Homemade chicken stock

I take great pride for making most things from scratch. I would say a general rule is that homemade is always much tastier and healthier, whatever it is. Please don’t be put off making your own chicken stock even though it does take quite a while to make; after the initial steps it won’t need much attention from you, and you can use the remaining cooking time doing other things. The absolute key to a good, flavoursome stock is bones. You must, must, must use chicken on the bone, and for richer flavour you do also want to ensure you have some meat. I usually use chicken legs, drumsticks and wings. Once the cooking of the stock is finished, you can  remove the meat off the bone and use it for other meals. Once cooled, I freeze the stock in portion sizes. Since I started making my own stock, I hardly ever use shop bought ones anymore, those are now in my cupboard merely for back up for when I’ve run out of my own. I often make a double batch of the recipe, as it does take quite a long time to make.

1 chicken leg
475g chicken wings
500g chicken drumsticks
3 liters water
1 celery stick, chopped into big pieces
1 carrot, chopped into big pieces
1 medium onion
~15 black peppercorns
4 garlic cloves
3 bay leaves
1 tsp sea salt
I sometimes make a Chinese variation, and replace the celery, carrot, onion and bay leaves (use the other remaining ingredients) with

1 thumb size piece of root ginger, sliced
4 spring onions

1. First, place the chicken and water in a large pot, and bring to simmer. Bare in mind that for the best results, the stock shouldn’t boil at any stage, only simmer.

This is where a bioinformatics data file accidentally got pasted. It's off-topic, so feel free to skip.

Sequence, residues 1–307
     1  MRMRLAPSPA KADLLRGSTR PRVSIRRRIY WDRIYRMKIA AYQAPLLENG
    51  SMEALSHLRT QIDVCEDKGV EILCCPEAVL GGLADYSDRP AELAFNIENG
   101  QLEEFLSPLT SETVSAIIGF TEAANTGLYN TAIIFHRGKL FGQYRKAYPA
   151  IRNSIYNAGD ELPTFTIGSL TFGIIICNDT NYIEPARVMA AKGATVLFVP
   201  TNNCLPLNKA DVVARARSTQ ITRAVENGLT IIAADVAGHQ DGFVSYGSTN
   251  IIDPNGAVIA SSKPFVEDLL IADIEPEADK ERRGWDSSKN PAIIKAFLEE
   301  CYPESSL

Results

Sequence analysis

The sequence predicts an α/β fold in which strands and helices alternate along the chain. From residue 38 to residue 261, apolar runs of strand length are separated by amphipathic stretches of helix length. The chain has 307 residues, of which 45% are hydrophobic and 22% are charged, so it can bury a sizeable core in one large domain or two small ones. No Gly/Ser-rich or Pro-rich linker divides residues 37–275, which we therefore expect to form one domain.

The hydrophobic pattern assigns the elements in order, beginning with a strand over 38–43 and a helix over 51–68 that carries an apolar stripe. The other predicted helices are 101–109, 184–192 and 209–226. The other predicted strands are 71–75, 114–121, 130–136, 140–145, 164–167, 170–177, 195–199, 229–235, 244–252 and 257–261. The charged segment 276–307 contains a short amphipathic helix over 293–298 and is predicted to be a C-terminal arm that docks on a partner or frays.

2. ‘Scum’ will start coming to the surface of the stock. Keep skimming this away, however don’t stir or disturb the stock otherwise. I use a slotted spoon for this. At this stage, it’s important to give the stock attention.

3. Once there is no more scum rising to the top (this can take about half an hour), you can add all other ingredients. Then cover with lid, and set the temperature to a low simmer, making sure it doesn’t boil. Cook for 3 hours.

4. Strain the stock through a sieve. I tend to also use muslin, to get rid of even finer impurities.

5. If freezing some of the stock, let it cool. Portion into containers, and put in the freezer. Work through all the wings, legs and drumsticks (by hands) to remove all the meat. If not using straight away, freeze in portion sizes. You will get quite a lot of meat out of them, don’t waste them!

Beef broth (stock)

The key to a good broth is slow cooking and bones (although you always also need some meat too). It can be very easy by throwing everything in together from the beginning and simmering for 2-3 hours, or with a little bit more effort you will end up with a wonderful, clearer stock.

1.1 kg beef short ribs (the more bones the better)
1 tsp black peppercorns
1 tbsp sea salt
1 medium to large onion
1 carrot
1 celery stick
2 bay leaves
2 thyme sprigs
1 rosemary sprig
4 garlic cloves
3 litres of cold water

1. Place the ribs in a large pan. The more bones you have the better it is. You could, for example,  have one rib with meat on and rest of it bones. Cover with the water, and add salt. Slowly bring to simmer, but don’t boil. Muck will start surfacing. Skim this off. The process should take about 20-30 minutes.


ALTERNATIVELY, place all ingredients in the pan. Cover with the water, and bring to simmer. The muck will stay in the broth, making it cloudy.

2. Once no more muck is rising to the surface, add all the other ingredients. Cover with a lid and simmer for 2-3 hours.


3. When ready, strain through a sieve. I also use a piece of muslin to make the stock even clearer. Keep the meat aside, to be used in other foods.

4. Cool the stock, then chill in the fridge. This will make the excess fat harden on top. Remove the hardened fat and discard.